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BioDiagnostic International’s Drug Products Recalled After FDA Finds Insanitary Conditions at Manufacturing Facility

During the FDA inspection of BioDiagnostic’s Brea, California facility, which took place between January 31 to February 27, 2018, the agency noted a number of alarming current good manufacturing practice (CGMP) violations.

BioDiagnostic International’s Drug Products Recalled After FDA Finds Insanitary Conditions at Manufacturing Facility

By: Sarah Hand, M.Sc.

Posted on: in News | Drug Safety News | Pharmaceutical News

The US Food and Drug Administration (FDA) is warning healthcare professionals that they should stop using Monsel’s Solution (ferric subsulfate 20 percent) manufactured by California-based BioDiagnostic International over concerns that the product could be contaminated. The drug product – which is used to stop vaginal bleeding after a cervical biopsy – has been recalled by the regulator, however its distributer, MedGyn Products, has reportedly not yet contacted the medical centers which purchased the solution.

Representatives from BioDiagnostic International and MedGyn Products did not respond to Xtalks requests for a comment on the recall.

During the FDA inspection of BioDiagnostic’s Brea, California facility, which took place between January 31 to February 27, 2018, the agency noted a number of alarming current good manufacturing practice (CGMP) violations. Among these infractions was the finding that BioDiagnostic had a food preparation area that is not at all separated from the manufacturing equipment, and the facility was open to the outdoors, significantly increasing the risk of product contamination.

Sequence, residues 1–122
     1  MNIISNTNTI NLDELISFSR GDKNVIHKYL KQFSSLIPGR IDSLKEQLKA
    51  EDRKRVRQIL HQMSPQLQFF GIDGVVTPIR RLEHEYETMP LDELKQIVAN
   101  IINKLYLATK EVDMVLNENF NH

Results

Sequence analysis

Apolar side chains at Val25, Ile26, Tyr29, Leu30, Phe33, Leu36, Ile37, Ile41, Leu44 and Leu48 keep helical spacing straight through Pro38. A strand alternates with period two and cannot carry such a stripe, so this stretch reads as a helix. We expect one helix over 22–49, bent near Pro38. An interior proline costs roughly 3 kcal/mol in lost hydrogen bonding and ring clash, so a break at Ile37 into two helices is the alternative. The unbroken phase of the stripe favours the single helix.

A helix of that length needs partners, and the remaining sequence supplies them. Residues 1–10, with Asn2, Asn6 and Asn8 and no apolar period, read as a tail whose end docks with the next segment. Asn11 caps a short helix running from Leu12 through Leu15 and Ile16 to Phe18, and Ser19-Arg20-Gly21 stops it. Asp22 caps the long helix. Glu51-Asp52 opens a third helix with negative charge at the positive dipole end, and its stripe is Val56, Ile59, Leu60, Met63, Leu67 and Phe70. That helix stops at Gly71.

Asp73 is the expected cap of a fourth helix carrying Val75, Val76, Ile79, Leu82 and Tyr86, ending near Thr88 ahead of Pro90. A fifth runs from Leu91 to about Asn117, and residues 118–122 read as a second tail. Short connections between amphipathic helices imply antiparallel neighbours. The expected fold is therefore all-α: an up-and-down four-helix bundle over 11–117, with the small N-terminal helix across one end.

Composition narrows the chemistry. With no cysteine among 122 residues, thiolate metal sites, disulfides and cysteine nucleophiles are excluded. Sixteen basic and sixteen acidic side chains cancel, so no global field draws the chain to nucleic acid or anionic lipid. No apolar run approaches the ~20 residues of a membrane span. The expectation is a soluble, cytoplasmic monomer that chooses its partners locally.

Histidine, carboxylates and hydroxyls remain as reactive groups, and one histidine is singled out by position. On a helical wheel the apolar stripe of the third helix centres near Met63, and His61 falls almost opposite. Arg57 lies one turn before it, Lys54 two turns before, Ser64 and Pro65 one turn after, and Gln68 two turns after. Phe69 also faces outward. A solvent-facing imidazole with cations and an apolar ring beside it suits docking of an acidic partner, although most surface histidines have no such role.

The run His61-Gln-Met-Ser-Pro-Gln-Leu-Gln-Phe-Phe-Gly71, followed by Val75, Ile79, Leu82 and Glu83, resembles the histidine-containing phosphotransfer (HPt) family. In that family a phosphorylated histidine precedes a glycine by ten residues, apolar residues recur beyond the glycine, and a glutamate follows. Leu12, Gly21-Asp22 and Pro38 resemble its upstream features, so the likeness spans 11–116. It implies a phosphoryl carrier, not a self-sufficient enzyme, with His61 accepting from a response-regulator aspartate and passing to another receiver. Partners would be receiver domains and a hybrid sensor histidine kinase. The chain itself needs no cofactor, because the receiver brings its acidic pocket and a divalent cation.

“You manufacture a drug product intended for vaginal use as a hemostatic solution to stop bleeding after cervical biopsies,” said the FDA warning letter. “During the inspection, our investigator observed filthy conditions in your facility, including dirty equipment and utensils covered with unknown residue. A large metal roll-up door at the entrance to your facility was open to the outdoors, while an open pot you use as a mixing vessel contained in-process material and was not covered. The insanitary conditions observed at your facility failed to protect drug products from contamination with filth.”

In addition, the firm failed to test each drug product batch for microbial and chemical quality, perhaps because the company lacks a quality control unit altogether. In addition, FDA inspectors found that “kitchen cooking pots and household power tools” were being used to manufacture Monsel’s Solution, a major violation of CGMP.

Monsel’s Solution is sold by MedGyn in a carton which contains a dozen 8ml vials of the drug along with 12 applicators. Healthcare professionals are being urged to check their supply of the solution and refrain from administering it to patients if it was distributed by MedGyn.

For its part, BioDiagnostic has issued a response to the FDA’s concerns, however the regulator was less than impressed with many of their proposed changes. For example, BioDiagnostic suggested that hiring a professional cleaning crew might solve their sanitation problem, however the FDA rebutted that increased cleaning would do nothing to fix the problems with the way their manufacturing facility is currently organized. They’re now requiring the drugmaker to submit a plan for a complete redesign of their facility to get it up to code.

“Based upon the nature of the violations we identified at your firm, we strongly recommend engaging a consultant qualified as set forth in 21 CFR 211.34, to assist your firm in meeting CGMP requirements,” said the warning letter. “We also recommend that the qualified consultant perform a comprehensive audit of your entire operation for CGMP compliance, and evaluate the completion and effectiveness of any corrective actions and preventive actions you have implemented.”

While no adverse events associated with the solution have been reported, the FDA isn’t taking any chances considering the conditions under which the product was being manufactured. The agency is also advising that patients who have recently undergone this procedure and may have been given Monsel’s Solution should speak to their doctor about their concerns.


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